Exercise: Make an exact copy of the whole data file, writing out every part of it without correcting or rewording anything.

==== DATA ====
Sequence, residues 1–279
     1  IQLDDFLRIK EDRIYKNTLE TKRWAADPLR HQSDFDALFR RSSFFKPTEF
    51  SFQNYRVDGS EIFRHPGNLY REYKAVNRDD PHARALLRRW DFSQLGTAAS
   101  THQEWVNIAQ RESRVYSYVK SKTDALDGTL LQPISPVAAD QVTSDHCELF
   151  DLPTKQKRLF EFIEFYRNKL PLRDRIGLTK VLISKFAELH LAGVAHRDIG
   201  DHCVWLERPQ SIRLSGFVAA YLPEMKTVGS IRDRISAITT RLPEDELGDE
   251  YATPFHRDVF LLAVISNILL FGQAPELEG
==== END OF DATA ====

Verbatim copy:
Sequence, residues 1–279
     1  IQLDDFLRIK EDRIYKNTLE TKRWAADPLR HQSDFDALFR RSSFFKPTEF
    51  SFQNYRVDGS EIFRHPGNLY REYKAVNRDD PHARALLRRW DFSQLGTAAS
   101  THQEWVNIAQ RESRVYSYVK SKTDALDGTL LQPISPVAAD QVTSDHCELF
   151  DLPTKQKRLF EFIEFYRNKL PLRDRIGLTK VLISKFAELH LAGVAHRDIG
   201  DHCVWLERPQ SIRLSGFVAA YLPEMKTVGS IRDRISAITT RLPEDELGDE
   251  YATPFHRDVF LLAVISNILL FGQAPELEG